According to Friedland, one of the things you learn as a VATSIM pilot by taking on ATC roles is the sheer volume of information juggling that is being done.
"[Pilots] get a sense of how busy [ATCs] are and how little time they have to spend with you. It tells you how ready you have to be. For example, when you're approaching an airport and an air traffic controller is giving you your initial clearance, he's going to tell you where he wants you, what altitude he wants you at, what speed he wants you at, what heading he wants you on, until you intercept the localiser for the runway you're going to land on. So he's going to give you about six pieces of information in a single sentence. You need to be ready to accept that information and understand it. If you're not it's going to come at you like arglebargle and you're going to be saying please repeat please repeat please repeat. Well he doesn't have time to do that because there may be fifteen aircraft in the pattern so please repeat is an extraordinary request in many circumstances."
Given the requirements of the role you don't just get to wander in and start giving orders or talking to Victor about his vector. No. There is a whole training system in place. The training is free but there's a lot of self-directed study involved as well as mentor sessions over chat clients like Teamspeak or Skype where you can get help with concepts you don't understand or figure out the terminology and phraseology. You'll also get exams and levels of competency you need to pass. "We'll help make you sound like you know what you're doing," Friedland says before adding "Ideally we hope we'll help you know what you're doing!"
As an ATC you start small – at a minor airport in your preferred region with a slower pace of traffic and fewer approaches and departures to learn. You'll gradually build up to the busier airports.
"The New York area has four major airports, each one of which is immensely busy. There's Kennedy, there's LaGuardia, there's Newark and believe it or not Philadelphia is part of the New York flight zone. Those four airports do a huge amount of traffic, both in real life and virtually because when people think of flying to the United States: 'I'll go to JFK'."
There are also levels of responsibility as well as the increasing demands of the airports. "You'll start in what's called clearance delivery," says Friedland. "You're reading a pilot's filed flight route, you're looking at it, you're making sure it's okay and you're clearing him for his flight. You're not moving an airplane, you're not giving any other instructions. You're simply telling them their filed flight plan is okay or making corrections on it.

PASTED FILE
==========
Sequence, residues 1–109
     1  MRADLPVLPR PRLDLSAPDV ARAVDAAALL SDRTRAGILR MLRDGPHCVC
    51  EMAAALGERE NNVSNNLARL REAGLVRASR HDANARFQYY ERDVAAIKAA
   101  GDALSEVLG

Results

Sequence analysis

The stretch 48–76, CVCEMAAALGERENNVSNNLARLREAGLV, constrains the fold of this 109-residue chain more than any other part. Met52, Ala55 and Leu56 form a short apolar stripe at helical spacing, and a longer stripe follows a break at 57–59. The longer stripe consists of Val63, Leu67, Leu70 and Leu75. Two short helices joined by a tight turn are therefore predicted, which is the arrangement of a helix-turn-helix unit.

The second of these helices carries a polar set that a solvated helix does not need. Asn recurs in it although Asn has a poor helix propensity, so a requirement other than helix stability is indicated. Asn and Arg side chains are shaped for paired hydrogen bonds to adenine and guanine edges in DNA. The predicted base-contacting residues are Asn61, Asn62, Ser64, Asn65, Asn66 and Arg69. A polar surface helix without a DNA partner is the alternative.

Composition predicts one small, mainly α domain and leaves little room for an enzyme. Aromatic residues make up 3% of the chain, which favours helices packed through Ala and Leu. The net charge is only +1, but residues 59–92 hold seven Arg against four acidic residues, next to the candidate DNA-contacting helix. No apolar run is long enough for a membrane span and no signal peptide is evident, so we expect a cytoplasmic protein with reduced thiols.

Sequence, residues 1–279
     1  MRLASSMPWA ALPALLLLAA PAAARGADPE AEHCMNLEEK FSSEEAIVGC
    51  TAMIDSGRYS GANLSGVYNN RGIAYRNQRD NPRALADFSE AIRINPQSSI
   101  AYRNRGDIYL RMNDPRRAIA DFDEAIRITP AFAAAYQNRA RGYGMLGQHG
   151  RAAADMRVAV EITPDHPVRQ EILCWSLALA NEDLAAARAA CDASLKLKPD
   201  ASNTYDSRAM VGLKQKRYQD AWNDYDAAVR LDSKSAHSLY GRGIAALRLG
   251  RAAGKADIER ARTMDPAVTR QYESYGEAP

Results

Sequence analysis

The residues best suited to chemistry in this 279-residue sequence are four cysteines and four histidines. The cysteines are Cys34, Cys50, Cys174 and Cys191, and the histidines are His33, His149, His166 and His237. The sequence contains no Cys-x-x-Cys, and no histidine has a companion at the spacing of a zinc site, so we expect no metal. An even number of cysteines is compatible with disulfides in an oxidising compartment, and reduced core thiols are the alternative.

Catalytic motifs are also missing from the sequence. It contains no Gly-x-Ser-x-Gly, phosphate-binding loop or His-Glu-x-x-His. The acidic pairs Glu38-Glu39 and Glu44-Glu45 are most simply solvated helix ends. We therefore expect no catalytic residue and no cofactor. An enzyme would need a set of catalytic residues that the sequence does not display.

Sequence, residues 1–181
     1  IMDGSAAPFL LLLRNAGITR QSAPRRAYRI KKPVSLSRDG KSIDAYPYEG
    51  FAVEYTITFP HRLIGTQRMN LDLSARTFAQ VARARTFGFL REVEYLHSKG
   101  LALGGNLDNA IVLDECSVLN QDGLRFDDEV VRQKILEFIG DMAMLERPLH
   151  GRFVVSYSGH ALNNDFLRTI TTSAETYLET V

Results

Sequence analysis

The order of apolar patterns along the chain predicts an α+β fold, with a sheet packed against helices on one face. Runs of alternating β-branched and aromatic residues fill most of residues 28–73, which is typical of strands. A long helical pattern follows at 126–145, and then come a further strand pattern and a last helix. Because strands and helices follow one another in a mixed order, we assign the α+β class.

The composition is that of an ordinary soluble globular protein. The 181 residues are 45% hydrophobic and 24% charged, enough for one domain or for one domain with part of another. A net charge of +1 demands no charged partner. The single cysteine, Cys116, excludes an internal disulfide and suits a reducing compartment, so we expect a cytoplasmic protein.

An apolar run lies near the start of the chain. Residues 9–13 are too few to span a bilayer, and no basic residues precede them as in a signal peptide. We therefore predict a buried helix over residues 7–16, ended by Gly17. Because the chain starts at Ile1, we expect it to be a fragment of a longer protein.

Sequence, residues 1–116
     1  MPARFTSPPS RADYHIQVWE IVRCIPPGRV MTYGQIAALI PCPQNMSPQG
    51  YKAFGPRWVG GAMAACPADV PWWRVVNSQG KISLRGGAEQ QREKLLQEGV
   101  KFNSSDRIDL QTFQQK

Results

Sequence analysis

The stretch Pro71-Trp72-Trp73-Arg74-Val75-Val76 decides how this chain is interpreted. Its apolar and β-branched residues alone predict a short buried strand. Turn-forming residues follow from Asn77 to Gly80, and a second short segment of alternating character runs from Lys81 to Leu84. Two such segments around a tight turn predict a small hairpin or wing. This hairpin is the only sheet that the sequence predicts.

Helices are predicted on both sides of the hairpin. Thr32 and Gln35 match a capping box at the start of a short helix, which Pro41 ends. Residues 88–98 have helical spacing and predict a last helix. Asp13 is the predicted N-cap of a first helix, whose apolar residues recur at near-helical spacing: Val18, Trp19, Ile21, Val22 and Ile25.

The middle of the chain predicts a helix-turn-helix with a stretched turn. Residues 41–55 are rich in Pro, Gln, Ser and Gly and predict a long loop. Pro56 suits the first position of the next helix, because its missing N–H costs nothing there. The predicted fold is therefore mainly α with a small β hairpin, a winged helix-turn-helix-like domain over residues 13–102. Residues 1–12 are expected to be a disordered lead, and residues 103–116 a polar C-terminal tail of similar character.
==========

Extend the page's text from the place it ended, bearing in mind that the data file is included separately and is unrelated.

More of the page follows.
"Then you go to ground control and you're starting to move airplanes around the airport, helping them taxi out to the runway they have to go to to take off. You're interweaving different planes going to different runways or coming from different terminals to go to the same runway. After that you become a tower control and now you're giving aircraft permission to take off and permission to land so you come up another step.
"After that you go to departure. Now you're working with planes that have just taken off and getting them to their route so they can continue their flight before you hand them off. After departure you become an approach controller and now you're dealing with aircraft coming in from any point on the compass and you're trying to get them into the correct traffic pattern so they can land and you're trying to keep space between them and other airplanes and you're trying to keep them at the right altitude and speed.
"Ultimately, once you've really figured life out you become what's called a centre controller and a centre controller basically controls the entire airspace over a flight region. In our world a centre controller is a center controller, an approach controller, a departure controller, a tower controller, a ground controller and a clearance delivery guy if no-one else is online. The centre controller does them all."
Basically you can be expected to do your current job and all the ones below that.
For me as an outsider it seems that the big appeal of VATSIM is the immersion. When I think about how to explain it to other people I approach it in the same way I think of LARPing – a group of people who take their hobby very seriously and want to share it with others while inhabiting a chosen role to the fullest extent possible. The most obvious manifestation of that is in the fact the VATSIM network runs a steady stream of events throughout the year which allow pilots to fly their virtual craft between various airports and promise full ATC coverage along the way. It's a way of guaranteeing that fleshed out, populated experience for an entire route.
Here's the invitation for the Copenhagen - Gatwick event:
"The events serve two purposes," says Friedland. "One it gives the pilots a great place to fly because they have a rich environment where everything is staffed. There's always someone talking to them, helping them, guiding them, instructing them. Similarly for an air traffic controller it's great to work at a fully staffed airport where you're effectively working like a real air traffic controller and you're handing planes off or accepting people as they're handed back to you.
"Big events like that - or even small events - are a lot of fun because you get to work with guys - I'm using guys in a generic sense, sorry - but you get to work with other people who share the same hobby and have the same enthusiasm for this. It can be a really great few hours."
Every six months there's Cross The Pond which alternates flying eastbound and westbound between four chosen European and four US airports. Pilots can apply for a route between their two preferred airports. When talking about it Friedland picks Heathrow to Atlanta as an example which happened to be the next transatlantic flight I was actually booked on.
"You book that route, work out your flight plan and then you have coverage from Heathrow to Atlanta and all the way across the ocean. You talk to everybody on the ground in London and they get you up and off. Then you're handed over to a centre controller, then an oceanic controller, eventually you're handed back to a centre controller as you come into the United States and you work your way down the Eastern seaboard until you make the turn into Atlanta.